Dancer, choreographer, educator and author Donald McKayle passed on April 7, 2018 at age 87. In honor of this dance icon O&A NYC posts his 1959 masterwork, Rainbow Round My Shoulder. Continue reading
Donald McKayle’s 1959 masterwork, Rainbow Round My Shoulder, is acclaimed as a modern dance classic. A searing dramatic narrative, it is set on a chain gang in the American south where prisoners work, breaking rock from “can see to can’t see.” Their aspirations for freedom come in the guise of a woman, first as a vision then as a remembered sweetheart, mother, and wife. The songs that accompany their arduous labor are rich in polyphony and tell a bitter, sardonic, and tragic story. It was created for the Donald McKayle Dance Company, and has been in the repertoire of the Alvin Ailey American Dance Theater, Batsheva Dance Company and Dayton Contemporary Dance, among others. The cast in the video excerpt includes Donald McKayle and Mary Hinkson. Continue reading
By Walter Rutledge
Martha Graham once said, “Great dancers are not great because of their technique, they are great because of their passion.” The reason truly memorable performances reach across the footlight to connect with the audience, is because the performer is imbued with something extra. It is an almost unexplainable sharing that takes place from one soul, one spirit, to the members of audience. It is an honesty that transcends artistic discipline, language and occasionally even time. When I think of artists who have this special gift of communication, I think of Lloyd Knight
Knight is a soloist with the Martha Graham Dance Company. During his seven-year association with the company he has demonstrated a stalwart commitment and dedication to his craft and artistry. He returns to the stage this season after a year of recovering from an injury. Knight approached his physical rehabilitation with same resolute determination that has distinguished him as an artist on the ascent, and he is back this season performing the choreography he describes simply as “art”.
Born in England Knight was reared in Miami, Florida. In middle school a teacher got him to try a dance class, and he was hooked. He trained at the Miami Conservatory of Ballet, and later attended the renowned New World School of the Arts where he earned a Bachelor of Fine Arts degree.
Knight adapted well to the long hours and rigorous training at New World School of the Arts, and he performed leading roles in Jose Limon’s There is a Time, Merce Cunningham’s Inlets II, and Donald McKayle’s Rainbow ’Round My Shoulder. It was also at the New World School of the Arts he was introduced to the choreography and technique of Martha Graham.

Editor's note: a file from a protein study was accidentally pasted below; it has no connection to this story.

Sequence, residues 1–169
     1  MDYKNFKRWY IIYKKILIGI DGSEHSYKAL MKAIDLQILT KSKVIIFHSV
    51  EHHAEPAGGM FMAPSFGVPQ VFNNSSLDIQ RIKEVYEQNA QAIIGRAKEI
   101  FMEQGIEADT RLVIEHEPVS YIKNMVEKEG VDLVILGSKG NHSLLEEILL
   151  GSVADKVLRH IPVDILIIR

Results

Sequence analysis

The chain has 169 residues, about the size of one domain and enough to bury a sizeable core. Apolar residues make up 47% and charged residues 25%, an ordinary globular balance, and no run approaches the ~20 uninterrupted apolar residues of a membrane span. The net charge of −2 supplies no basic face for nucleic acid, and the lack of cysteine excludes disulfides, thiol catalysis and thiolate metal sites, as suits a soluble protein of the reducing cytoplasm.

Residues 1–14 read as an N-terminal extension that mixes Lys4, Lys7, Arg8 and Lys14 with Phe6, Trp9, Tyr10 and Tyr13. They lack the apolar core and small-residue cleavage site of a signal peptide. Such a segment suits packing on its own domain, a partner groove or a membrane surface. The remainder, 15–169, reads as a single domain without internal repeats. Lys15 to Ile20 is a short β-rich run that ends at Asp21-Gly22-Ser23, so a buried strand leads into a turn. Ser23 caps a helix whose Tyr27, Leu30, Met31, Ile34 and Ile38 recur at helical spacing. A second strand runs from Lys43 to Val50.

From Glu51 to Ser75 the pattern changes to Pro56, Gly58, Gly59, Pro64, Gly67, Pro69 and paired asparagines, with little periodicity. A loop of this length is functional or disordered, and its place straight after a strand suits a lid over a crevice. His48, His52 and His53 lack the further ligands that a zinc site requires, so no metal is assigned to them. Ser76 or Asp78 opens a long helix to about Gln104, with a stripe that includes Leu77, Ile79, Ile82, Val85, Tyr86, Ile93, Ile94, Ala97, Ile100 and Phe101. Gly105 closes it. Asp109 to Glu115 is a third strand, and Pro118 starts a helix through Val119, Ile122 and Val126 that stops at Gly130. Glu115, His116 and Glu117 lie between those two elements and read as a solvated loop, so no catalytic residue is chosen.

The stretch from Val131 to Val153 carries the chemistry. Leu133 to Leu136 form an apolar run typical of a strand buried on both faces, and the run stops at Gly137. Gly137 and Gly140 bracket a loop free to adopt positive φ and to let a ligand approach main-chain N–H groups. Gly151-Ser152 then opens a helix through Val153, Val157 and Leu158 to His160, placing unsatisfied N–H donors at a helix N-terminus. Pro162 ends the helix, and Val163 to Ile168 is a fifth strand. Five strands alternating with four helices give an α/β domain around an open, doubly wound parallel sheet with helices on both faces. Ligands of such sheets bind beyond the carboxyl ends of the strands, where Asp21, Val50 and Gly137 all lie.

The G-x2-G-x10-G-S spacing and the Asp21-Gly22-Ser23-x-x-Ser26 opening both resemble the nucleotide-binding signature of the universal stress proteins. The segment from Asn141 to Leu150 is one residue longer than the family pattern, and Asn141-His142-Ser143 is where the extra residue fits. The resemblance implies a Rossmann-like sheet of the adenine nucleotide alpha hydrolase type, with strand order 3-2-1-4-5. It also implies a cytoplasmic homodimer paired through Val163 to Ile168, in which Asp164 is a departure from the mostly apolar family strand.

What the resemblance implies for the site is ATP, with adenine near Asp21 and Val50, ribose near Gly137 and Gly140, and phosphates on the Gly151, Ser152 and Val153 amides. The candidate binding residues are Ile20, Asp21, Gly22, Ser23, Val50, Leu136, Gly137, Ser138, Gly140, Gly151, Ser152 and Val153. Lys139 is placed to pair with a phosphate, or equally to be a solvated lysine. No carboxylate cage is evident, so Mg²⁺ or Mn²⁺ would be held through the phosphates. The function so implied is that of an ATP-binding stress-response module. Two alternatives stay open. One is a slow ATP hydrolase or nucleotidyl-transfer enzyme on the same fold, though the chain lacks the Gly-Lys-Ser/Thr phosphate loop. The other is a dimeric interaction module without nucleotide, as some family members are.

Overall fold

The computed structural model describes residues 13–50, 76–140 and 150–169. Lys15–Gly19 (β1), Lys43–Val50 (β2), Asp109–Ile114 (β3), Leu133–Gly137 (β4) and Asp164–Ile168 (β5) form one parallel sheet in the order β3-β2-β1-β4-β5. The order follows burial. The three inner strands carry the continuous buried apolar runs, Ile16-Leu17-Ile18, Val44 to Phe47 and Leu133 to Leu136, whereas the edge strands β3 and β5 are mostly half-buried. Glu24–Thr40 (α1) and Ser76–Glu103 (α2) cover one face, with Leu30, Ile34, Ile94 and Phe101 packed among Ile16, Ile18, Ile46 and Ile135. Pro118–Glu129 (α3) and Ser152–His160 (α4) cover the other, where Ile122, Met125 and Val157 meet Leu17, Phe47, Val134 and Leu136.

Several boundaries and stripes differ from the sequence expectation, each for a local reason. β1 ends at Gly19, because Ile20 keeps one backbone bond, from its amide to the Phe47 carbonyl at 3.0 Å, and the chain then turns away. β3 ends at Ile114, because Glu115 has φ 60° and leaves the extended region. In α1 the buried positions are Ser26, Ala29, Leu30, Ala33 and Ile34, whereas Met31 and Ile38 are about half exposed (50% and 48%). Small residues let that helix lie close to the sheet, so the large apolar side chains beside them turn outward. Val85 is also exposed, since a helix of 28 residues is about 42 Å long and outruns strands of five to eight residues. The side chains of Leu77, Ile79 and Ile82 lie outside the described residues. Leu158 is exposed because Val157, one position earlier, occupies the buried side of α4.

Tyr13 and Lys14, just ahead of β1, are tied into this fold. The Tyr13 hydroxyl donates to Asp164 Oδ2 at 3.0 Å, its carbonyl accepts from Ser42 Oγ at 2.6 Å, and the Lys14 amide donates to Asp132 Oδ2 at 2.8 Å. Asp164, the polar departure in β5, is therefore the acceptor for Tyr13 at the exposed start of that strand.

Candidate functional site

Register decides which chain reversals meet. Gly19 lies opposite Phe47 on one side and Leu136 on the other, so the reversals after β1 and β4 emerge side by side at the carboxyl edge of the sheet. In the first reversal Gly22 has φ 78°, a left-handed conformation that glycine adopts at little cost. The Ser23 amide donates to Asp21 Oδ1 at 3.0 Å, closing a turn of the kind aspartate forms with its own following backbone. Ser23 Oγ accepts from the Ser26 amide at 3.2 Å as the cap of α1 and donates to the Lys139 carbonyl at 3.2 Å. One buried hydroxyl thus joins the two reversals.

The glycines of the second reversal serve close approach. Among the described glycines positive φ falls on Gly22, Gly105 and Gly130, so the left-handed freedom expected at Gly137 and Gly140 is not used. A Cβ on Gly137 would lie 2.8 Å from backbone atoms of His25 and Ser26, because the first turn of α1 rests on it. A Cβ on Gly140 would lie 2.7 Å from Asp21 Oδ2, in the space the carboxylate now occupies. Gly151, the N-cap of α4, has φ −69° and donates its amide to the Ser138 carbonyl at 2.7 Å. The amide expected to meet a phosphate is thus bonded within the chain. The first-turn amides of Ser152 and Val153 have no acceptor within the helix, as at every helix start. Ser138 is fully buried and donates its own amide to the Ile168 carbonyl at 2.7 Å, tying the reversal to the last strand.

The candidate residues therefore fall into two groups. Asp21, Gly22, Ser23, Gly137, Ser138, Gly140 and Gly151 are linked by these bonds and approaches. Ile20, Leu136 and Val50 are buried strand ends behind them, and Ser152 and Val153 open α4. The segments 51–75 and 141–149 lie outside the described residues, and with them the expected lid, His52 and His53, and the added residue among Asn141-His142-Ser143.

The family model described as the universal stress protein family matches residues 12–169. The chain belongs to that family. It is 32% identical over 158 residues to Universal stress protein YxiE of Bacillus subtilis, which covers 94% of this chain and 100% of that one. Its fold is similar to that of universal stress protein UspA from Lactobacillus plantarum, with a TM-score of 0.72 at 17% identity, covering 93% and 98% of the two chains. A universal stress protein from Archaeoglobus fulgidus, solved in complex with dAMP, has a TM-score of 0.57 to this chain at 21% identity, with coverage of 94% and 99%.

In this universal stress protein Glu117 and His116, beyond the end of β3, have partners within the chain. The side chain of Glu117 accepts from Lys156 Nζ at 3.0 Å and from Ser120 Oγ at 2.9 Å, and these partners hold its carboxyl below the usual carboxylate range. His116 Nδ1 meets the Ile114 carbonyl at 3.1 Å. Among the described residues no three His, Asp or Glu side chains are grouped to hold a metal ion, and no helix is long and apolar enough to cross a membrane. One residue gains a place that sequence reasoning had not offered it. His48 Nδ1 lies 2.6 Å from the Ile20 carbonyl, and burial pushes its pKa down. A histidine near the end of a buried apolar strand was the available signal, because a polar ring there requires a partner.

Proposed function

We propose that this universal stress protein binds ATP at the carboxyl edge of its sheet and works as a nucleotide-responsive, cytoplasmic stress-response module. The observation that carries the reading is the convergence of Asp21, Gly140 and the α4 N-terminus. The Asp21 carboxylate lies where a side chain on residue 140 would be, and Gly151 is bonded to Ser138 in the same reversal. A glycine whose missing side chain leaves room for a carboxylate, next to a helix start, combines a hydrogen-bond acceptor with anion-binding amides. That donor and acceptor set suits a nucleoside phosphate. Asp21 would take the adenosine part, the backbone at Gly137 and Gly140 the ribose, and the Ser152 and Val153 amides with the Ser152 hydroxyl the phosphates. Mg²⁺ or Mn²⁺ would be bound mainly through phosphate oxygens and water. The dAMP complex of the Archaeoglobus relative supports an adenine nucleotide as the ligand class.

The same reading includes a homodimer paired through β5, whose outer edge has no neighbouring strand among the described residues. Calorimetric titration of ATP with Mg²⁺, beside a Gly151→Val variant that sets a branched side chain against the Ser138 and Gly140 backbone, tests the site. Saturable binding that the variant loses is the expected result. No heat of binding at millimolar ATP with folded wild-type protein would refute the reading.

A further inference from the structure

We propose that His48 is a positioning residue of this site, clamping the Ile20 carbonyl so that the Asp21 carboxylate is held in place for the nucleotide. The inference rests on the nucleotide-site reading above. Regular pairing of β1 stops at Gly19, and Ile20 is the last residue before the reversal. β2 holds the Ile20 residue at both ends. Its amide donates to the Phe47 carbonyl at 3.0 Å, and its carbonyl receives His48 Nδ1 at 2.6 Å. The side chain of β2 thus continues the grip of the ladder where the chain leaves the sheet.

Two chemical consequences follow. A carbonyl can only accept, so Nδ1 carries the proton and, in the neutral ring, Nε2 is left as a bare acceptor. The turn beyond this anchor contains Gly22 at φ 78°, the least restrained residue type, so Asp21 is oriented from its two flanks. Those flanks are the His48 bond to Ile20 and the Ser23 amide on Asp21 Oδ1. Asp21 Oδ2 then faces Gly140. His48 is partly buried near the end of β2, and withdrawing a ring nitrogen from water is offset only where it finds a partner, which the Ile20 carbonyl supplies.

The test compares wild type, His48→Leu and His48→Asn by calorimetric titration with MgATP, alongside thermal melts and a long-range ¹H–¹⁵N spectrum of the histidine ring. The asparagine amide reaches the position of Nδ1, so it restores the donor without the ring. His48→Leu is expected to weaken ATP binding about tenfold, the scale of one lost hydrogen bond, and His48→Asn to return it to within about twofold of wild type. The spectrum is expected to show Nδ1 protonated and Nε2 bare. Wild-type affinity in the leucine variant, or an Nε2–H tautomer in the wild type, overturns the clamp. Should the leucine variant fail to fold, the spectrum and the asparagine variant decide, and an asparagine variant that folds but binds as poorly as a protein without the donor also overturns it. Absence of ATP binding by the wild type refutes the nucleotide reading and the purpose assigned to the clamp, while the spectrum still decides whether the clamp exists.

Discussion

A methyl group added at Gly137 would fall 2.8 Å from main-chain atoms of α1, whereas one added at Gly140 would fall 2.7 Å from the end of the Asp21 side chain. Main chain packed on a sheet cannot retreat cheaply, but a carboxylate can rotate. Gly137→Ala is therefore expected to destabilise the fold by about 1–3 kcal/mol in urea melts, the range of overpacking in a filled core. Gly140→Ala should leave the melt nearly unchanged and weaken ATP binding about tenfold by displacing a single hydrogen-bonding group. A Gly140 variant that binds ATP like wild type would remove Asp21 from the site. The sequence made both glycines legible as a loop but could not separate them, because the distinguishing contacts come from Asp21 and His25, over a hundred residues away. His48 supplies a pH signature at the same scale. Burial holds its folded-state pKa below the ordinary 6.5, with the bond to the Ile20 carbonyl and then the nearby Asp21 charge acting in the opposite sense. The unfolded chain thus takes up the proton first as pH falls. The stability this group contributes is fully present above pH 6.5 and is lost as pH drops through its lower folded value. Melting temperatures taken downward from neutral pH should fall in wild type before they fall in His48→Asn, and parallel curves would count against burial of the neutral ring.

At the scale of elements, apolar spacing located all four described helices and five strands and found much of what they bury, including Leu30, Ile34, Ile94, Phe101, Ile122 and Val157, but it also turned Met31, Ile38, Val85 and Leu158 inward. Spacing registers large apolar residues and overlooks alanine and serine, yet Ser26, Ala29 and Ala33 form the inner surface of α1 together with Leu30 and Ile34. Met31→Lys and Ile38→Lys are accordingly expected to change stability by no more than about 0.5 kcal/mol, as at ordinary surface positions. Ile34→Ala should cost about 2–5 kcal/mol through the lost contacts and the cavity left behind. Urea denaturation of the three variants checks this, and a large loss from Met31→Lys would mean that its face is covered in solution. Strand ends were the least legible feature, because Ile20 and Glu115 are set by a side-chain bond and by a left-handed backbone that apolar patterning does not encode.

His strong technique, pliant physique and natural stage presence gave him the opportunity to excel in many styles of dance; but his inner muse was drawn to Graham. He auditioned for the Graham Company while a senior at New World School of the Arts, and literally walked down the aisle at graduation and into the Martha Graham Dance Company. Over the past seven years he has worked at mastering the Graham style with a passion it’s founder would have been proud to see.
In 2009 only four years after joining the company Knight was promoted to Soloist. He has performed in many of Graham’s seminal works including Errand into the Maze; and in the roles of the snake in Embattled Garden, and the preacher in what is perhaps Graham’s most recognizable work Appalachian Spring. It is little wonder that Dance Magazine named Knight one of the “Top 25 Dancers to Watch in 2010”.
The 2012 season of the Martha Graham Dance Company will begin on March 13 at the Joyce Theater. The company will revive Graham’s 1939 comic work Every Soul is a Circus. This work marked the first appearance of Merce Cunningham, who became the second male dancer (after Erick Hawkins) to join the Graham Company. In this season Knight will perform the role originally choreographed for Cunningham. Welcome back Lloyd Knight we wish you an inspired year, as we know your dancing will continue to inspire us.
(This article was originally posted February 29, 2012 for Harlem World Magazine)